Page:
If doctors take a little time to understand their patients and address their frustrations, they can take steps to relieve the unhappiness of their patients and potentially improve their quality of life.

Stages of Hashimoto’s Disease

Hashimoto’s disease has 7 stages:


Here, your thyroid is still close to fully functional, and you will likely experience few to no symptoms. It could take several years before symptoms appear, so following a healthy lifestyle helps to prevent disease progression.


At this stage, you might start to feel a few early symptoms as your immune cells start working faster to destroy your thyroid gland. If your doctor runs the standard Thyroid Stimulating Hormone (TSH) test at this stage, likely alarm bells won't sound, as there won't be much of a difference. You may want to get tested for Free Thyroxine (fT4) to see if your T4 levels are low. Maintain a healthy lifestyle here to slow disease progression.

Full blown disease

It's in this stage that you may see notable change in your blood values, and your doctor may prescribe thyroid hormone replacement supplements, or beginning regular monitoring to watch for TSH deviating from the normal range. Most commonly, pure synthetic thyroxine (T4), taken once daily by mouth, fully replaces the thyroid gland and successfully treats the symptoms of hypothyroidism in most patients. For the few patients who do not feel completely normal taking a synthetic preparation of T4 alone, the addition of synthetic T3 may be of benefit.

Medicated Hashimoto’s

To compensate for the loss of thyroid function, your doctor will likely increase your dosage at this stage. Work with your doctor to find the right treatment for you. We are all unique with individual sensitivities, so our bodies will not all react the same way to a specific medication.

We advise the slow, step-by-step method of reaching your optimal dose, which is easier on the body than the "sock it to me" approach so characteristic of our fast paced culture. The goal is to get you feeling your best while managing symptoms.

Lifestyle-managed Hashimoto’s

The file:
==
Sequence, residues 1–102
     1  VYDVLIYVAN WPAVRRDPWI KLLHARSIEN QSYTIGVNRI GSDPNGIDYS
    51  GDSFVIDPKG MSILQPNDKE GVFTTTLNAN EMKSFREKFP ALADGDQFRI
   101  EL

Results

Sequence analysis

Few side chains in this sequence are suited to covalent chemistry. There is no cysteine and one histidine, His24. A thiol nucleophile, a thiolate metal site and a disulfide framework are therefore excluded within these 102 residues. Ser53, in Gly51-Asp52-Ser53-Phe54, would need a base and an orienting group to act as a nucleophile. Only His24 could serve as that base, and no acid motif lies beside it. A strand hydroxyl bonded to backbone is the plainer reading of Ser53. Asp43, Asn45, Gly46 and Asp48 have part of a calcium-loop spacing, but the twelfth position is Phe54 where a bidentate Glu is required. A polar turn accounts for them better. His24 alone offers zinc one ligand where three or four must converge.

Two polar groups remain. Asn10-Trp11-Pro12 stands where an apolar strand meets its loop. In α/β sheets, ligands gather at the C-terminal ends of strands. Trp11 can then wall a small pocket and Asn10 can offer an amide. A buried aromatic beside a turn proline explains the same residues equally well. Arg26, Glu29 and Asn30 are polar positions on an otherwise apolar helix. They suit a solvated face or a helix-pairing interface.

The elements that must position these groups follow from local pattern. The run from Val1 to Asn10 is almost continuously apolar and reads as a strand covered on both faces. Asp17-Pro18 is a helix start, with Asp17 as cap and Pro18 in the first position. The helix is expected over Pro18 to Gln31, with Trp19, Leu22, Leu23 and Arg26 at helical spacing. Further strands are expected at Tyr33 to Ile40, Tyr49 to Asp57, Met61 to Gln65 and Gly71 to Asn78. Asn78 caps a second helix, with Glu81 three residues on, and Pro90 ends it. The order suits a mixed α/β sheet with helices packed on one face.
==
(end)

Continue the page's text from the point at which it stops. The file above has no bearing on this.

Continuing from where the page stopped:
At this stage, nutrition matters. What you eat may affect your thyroid disease, including the absorption of your thyroid medication. Nutrition, supplements, and lifestyle optimization have been shown to make a difference in certain cases and can be personalized to you.

Talk to your Paloma practitioner for more details about how personalized dietary guidance and health coaching might benefit you.


While an autoimmune disease cannot be reversed, it can be blocked. Healthy diet and exercise routine can halt further progression of the disease, but going back tot bad habits will trigger the condition again.


Maintain, maintain, maintain. There is no cure for Hashimoto's, so proactively monitoring and adjusting your treatment plan is critical to feeling your best each day.

Getting a Diagnosis

If you are experiencing symptoms of Hashimoto’s like fatigue, dry skin, constipation, or a goiter, a blood test can help you understand how your thyroid is working and if there is need for further evaluation of your thyroid function.

You can get started with a Paloma at-home test kit. While many labs only look only at Thyroid Stimulating Hormone (TSH) to assess thyroid health, we believe it's critical to also measure Free Triiodothyronine (fT3), Free Thyroxine (fT4), and TPO antibodies. The antibody test is used to determine whether or not you are producing antibodies against thyroid peroxidase.

Click here to get started.

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Hypothyroidism is a long-term commitment and we’re committed to you. Schedule a free, no-obligation phone consultation with one of our intake specialists to find out more.